It's critical to find someone that you respect. I also spend more time with her than I do with anyone else. You have to like the person you go into business with, and Kim is just a really good human being.
Kim: We joke sometimes that having a business partnership is like being in a marriage. You have your joint financial account, you have your vision of the future, and it’s your baby that you’re growing together. You need to have those lines of communication open. You need to enjoy the person that you're working with and you need to respect them as well.
Heath is amazing! I really appreciate the fact that he pushes us to grow, keep learning, and trying new challenges. That's so important in what we’re doing. He does that in his personal life, and brings that energy to the business. Having someone that you admire and want to learn with is really key.
Heath: Also, when you have an issue it's important to have an open dialogue. We've certainly had some hard conversations and disagreements about working with particular clients, going after a piece of business, or how we're going to structure something. The great thing about our relationship is that we’re so open with each other. We can say to each other, “It’s been a long day. Let’s get a good night’s sleep, and we’ll talk about it in the morning.” Not letting issues fester is a critical part of the business. We require a direct line of communication with each other.
Having already been at a large established company, and experiencing that stability, what was your inspiration for going into business for yourselves?
Heath: It's funny... If you would have asked me 3 years ago if I would have ever considered starting a business, I would have said “no.” I sort of pitched it to Kim as a joke. I knew that she had just finished her MBA program and that it was something she was interested in as well. She said, “We need to talk about this.” One conversation led to another and all of a sudden we were both very excited, and writing a business plan together.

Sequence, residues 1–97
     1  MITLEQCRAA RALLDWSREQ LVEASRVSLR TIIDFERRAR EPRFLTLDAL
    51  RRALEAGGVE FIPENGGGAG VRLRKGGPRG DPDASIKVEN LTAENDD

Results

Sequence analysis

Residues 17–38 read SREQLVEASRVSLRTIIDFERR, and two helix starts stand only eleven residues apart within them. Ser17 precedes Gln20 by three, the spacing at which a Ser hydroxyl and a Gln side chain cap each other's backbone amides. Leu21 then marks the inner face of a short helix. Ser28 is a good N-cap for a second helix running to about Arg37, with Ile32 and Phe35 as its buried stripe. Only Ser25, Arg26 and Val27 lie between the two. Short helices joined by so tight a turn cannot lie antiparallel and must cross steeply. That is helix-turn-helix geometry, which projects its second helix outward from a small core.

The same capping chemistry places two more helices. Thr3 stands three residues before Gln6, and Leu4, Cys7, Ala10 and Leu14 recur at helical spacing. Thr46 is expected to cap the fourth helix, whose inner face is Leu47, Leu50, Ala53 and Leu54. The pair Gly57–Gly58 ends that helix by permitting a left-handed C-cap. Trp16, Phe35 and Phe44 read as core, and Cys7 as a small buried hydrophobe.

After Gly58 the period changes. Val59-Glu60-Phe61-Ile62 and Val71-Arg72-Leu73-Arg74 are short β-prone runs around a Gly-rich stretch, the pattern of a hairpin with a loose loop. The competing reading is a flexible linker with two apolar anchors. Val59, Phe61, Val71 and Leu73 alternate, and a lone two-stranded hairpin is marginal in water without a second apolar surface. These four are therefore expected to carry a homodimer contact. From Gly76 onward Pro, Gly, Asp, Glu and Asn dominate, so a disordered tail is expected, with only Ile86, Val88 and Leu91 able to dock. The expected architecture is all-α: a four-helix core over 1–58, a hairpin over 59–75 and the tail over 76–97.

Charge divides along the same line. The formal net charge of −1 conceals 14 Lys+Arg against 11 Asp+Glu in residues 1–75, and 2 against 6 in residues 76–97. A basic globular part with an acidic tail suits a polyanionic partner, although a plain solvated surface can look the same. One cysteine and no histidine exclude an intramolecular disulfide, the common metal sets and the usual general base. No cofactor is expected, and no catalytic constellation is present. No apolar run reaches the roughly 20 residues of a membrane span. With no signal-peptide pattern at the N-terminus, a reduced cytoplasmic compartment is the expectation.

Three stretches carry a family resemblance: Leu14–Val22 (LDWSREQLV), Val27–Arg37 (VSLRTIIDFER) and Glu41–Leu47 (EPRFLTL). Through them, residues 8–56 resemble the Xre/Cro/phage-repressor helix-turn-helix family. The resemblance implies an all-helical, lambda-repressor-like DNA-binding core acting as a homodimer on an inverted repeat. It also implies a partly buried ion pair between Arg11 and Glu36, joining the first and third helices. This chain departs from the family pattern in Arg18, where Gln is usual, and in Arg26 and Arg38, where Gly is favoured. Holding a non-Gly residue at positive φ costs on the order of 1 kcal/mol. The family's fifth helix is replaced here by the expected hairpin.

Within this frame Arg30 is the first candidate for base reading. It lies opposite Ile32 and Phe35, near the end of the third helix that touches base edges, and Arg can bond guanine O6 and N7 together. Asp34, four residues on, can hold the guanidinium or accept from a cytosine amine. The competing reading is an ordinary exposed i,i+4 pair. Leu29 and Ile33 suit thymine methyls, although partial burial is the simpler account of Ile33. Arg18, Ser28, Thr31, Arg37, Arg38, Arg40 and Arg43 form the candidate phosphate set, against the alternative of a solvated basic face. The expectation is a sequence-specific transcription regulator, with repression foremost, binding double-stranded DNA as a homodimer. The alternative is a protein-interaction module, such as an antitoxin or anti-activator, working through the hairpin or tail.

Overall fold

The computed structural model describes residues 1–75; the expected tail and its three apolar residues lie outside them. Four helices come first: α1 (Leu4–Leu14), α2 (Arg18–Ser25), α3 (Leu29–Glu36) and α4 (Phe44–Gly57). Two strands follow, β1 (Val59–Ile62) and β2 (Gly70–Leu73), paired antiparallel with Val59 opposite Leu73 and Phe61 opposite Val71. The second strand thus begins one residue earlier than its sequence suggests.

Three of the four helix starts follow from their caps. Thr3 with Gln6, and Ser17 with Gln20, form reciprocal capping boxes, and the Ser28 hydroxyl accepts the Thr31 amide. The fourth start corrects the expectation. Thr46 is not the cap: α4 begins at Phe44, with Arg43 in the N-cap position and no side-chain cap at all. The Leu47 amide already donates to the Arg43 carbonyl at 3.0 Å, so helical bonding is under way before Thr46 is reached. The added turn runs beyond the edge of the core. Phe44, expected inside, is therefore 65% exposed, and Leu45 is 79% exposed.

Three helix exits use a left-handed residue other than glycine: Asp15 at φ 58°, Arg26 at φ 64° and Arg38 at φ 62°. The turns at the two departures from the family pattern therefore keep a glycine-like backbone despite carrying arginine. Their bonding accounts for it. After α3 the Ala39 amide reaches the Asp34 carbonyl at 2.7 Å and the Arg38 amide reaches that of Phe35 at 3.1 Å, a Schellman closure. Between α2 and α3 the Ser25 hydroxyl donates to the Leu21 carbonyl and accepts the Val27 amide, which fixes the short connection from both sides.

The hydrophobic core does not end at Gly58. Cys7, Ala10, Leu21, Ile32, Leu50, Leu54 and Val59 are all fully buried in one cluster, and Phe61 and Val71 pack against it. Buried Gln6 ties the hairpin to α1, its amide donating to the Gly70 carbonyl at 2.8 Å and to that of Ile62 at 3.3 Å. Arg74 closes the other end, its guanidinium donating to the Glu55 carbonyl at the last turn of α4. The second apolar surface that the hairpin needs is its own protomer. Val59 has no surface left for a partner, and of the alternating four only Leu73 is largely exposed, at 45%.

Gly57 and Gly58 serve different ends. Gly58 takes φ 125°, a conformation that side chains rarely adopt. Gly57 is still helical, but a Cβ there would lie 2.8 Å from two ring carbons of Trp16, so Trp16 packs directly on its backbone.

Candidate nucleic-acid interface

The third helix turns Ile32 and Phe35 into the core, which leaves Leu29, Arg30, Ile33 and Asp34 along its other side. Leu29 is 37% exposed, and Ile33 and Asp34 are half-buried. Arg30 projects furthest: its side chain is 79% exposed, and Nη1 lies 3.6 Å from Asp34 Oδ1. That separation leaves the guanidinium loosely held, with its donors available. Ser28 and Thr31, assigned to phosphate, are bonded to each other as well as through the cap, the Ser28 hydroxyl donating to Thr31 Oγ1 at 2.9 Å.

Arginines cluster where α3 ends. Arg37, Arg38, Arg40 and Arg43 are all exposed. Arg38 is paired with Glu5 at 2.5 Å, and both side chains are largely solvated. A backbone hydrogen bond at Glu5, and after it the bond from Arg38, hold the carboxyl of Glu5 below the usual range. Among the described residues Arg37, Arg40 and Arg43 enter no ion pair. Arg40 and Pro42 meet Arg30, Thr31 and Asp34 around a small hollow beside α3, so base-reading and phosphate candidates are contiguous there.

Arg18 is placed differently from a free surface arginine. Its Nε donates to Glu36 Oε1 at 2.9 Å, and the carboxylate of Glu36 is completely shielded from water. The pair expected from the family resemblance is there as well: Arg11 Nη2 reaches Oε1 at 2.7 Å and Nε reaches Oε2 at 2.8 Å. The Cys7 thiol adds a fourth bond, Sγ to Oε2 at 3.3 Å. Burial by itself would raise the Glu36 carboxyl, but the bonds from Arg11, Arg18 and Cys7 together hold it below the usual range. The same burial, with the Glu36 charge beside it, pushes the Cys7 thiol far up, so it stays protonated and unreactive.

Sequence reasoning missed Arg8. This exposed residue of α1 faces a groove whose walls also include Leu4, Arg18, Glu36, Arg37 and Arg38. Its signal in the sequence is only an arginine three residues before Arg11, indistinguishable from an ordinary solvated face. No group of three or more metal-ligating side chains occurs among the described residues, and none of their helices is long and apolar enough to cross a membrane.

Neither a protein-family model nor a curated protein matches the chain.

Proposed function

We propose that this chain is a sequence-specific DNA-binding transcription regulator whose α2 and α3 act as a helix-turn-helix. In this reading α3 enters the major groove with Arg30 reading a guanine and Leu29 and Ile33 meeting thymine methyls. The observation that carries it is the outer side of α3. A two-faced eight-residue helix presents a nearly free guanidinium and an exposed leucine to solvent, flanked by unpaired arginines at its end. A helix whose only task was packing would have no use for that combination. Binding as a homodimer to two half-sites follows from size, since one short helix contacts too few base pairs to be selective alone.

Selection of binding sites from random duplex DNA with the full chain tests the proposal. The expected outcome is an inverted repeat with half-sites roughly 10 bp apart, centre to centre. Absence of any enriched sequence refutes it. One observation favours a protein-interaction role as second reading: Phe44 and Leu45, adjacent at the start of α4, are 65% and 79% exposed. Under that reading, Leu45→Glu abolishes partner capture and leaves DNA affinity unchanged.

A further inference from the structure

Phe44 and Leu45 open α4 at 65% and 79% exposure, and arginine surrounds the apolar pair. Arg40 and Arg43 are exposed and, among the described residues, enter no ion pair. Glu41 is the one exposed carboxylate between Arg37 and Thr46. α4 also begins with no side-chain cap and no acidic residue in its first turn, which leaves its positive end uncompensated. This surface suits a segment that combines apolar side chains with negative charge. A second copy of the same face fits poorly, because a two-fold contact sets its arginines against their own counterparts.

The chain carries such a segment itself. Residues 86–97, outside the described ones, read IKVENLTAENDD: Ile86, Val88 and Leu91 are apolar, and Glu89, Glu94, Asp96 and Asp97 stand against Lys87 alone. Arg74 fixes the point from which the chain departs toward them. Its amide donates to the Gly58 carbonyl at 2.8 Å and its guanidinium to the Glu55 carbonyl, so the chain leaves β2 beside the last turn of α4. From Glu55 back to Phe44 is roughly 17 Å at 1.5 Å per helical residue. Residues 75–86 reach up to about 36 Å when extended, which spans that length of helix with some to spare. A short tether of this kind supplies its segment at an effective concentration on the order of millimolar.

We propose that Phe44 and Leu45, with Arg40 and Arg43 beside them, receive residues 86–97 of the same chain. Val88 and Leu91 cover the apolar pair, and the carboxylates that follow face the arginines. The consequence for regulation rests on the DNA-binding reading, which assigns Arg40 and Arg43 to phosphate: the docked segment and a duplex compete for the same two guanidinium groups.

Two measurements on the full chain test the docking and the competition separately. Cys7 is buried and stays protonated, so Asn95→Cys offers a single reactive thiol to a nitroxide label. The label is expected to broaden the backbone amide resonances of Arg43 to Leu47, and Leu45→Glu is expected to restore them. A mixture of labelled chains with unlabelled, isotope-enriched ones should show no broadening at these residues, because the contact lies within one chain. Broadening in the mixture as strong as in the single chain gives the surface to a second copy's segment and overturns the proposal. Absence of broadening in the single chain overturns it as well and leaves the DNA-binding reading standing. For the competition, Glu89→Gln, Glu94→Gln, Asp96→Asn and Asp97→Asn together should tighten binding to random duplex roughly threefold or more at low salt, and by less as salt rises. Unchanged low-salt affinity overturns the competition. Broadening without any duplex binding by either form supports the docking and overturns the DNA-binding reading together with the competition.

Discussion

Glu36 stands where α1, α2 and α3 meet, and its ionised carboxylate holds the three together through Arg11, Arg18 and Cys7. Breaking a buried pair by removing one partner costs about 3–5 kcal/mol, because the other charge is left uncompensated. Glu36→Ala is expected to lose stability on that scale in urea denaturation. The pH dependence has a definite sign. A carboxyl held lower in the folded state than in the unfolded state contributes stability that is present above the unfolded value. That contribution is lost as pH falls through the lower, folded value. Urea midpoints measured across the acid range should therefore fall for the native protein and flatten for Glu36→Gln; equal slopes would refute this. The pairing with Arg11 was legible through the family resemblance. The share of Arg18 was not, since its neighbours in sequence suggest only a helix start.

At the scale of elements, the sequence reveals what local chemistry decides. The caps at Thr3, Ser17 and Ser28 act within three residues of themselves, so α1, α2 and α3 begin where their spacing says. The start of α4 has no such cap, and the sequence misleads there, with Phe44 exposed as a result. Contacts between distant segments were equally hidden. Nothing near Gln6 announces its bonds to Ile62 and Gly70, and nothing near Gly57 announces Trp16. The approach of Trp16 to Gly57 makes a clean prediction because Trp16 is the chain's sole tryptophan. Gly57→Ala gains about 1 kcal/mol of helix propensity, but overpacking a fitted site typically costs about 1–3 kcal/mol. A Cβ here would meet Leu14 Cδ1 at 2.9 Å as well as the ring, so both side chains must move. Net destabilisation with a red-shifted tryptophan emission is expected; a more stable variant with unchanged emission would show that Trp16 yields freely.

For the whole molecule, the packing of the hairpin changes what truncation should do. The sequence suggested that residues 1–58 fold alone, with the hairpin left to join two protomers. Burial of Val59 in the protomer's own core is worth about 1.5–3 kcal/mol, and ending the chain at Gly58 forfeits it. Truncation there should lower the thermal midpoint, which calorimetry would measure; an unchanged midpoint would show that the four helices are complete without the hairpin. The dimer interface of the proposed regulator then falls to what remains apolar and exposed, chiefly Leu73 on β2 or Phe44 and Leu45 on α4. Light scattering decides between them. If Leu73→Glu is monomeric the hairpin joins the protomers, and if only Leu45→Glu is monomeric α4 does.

An old colleague of mine from my days back in Chicago had reached out about needing some freelance support, and that work sort of fell into our lap. It just felt like the universe was putting things on our runway as we were getting ready to take off. It rolled out very naturally.
Kim: For me it was a little different. I had always wanted to own my own company. That was part of the reason I went back to business school. I had a couple of false starts, tried a couple things that didn't work. I was opening a juice shop in my husband’s gym, working on a couple of apps with some other friends, and a number of things that weren't really making sense.
When Heath approached me it made a lot of sense. This is our core competency. It’s something we know we’re really good at, and that we can do well. I think once you find the path that you’re supposed to be on, things do happen pretty naturally and pretty seamlessly. It felt serendipitous. We had the conversation, this piece of business fell in our lap, and from there it was off to the races. We just kind of took off!
Now that you’ve been in business for a while how do you go about sourcing and qualifying clients?
Heath: 90% of the business we have, and the business that we are pursuing, is through referrals. Old colleagues, old bosses, mentors, and friends have provided us with the connections that we’ve needed to continue to move forward. We've been fortunate enough that we’ve not had to go out and do a ton of business development, and we’ve had a lot of people refer their colleagues and their business partners to us. It's happened very organically, but we do want to expand outside of tech, which is where most of our business has been.
We’ve worked to identify opportunities for expansion. Recently we took on a pro bono client in order to support our growth outside of the technology sector. We're going to continue to look for those opportunities and pursue them as they make sense for our business.